United Nations, .- More than a million and a half children urgently need humanitarian aid in Mozambique, Zimbabwe and Malawi after the passage of cyclone Idai, according to Unicef reported Wednesday, which asked donors 122 million dollars to support children affected by the disaster.
“The massive scale of the devastation caused by cyclone Idai is becoming clearer every day,” Henrietta Fore, executive director of the UN Children’s Agency, said in a statement.
Fore warned that the lives of millions of children and families “are at stake”, so it is necessary to quickly develop an effective humanitarian response in the three African countries.
The $ 122 million requested by Unicef would serve to support its actions in the area over the next nine months, according to the statement.
The agency insisted on the importance of acting as soon as possible, given that there is little time to prevent outbreaks of diseases such as malaria or cholera, to which the smallest are especially vulnerable.
In addition, Unicef expressed concern about the risk of violence and abuse against women and children in the temporary shelters that host them, as well as the situation of children who have lost their families in the cyclone.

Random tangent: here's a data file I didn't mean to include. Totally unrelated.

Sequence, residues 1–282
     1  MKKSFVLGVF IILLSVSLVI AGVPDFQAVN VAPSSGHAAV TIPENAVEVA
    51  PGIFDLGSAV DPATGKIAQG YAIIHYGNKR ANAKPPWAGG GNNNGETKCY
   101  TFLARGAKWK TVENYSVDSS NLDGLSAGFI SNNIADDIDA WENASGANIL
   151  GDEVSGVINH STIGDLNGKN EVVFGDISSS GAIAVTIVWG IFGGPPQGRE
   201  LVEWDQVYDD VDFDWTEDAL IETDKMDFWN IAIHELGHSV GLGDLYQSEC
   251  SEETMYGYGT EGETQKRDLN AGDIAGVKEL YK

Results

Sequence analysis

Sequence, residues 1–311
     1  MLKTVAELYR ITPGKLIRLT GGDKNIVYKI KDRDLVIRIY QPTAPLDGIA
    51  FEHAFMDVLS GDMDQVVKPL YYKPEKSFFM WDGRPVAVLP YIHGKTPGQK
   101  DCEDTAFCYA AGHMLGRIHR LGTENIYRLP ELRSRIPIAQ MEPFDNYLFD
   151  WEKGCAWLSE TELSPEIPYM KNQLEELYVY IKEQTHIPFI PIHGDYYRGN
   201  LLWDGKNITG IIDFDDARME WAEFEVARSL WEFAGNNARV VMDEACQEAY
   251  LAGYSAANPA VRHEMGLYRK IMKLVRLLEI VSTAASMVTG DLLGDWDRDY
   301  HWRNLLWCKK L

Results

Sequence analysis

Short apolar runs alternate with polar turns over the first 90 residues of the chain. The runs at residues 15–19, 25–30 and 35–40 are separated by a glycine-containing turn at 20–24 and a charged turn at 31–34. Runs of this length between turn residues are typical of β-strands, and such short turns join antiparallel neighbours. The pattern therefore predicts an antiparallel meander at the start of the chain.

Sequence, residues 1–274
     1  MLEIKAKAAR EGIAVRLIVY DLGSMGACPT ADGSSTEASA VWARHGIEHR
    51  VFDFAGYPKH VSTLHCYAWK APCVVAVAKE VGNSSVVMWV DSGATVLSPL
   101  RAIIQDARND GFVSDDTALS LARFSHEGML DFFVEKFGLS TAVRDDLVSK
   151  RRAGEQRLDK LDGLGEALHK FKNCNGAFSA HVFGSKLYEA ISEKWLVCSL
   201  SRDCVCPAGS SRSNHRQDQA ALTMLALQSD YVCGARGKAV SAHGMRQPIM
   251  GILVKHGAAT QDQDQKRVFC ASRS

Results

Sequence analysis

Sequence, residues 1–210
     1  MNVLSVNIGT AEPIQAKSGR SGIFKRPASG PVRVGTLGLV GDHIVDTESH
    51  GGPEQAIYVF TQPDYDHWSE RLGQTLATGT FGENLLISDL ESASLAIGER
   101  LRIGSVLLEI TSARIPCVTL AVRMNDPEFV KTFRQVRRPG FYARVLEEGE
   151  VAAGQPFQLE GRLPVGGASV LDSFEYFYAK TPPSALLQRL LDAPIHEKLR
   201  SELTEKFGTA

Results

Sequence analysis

In Mozambique, the most affected country, an estimated 1.85 million people – including one million children – urgently need help and will require long-term support for the destruction of crops.
In Malawi, more than 869,000 people have been affected by the cyclone, including 443,000 children, while in Zimbabwe those affected reach 270,000, half of them children, according to Unicef.
Other UN agencies are also working on the response, including the Agency for Refugees (UNHCR), which on Wednesday took to Maputo the first of three planes with emergency equipment, according to the United Nations.
The equipment, which includes tents, mats, mosquito nets or lighting, will be distributed among 30,000 people in the three countries.
Meanwhile, the World Health Organization (WHO) is distributing supplies to treat diseases such as diarrhea and cholera and launching a team of experts who will travel to Mozambique to help prevent outbreaks. (EFEUSA)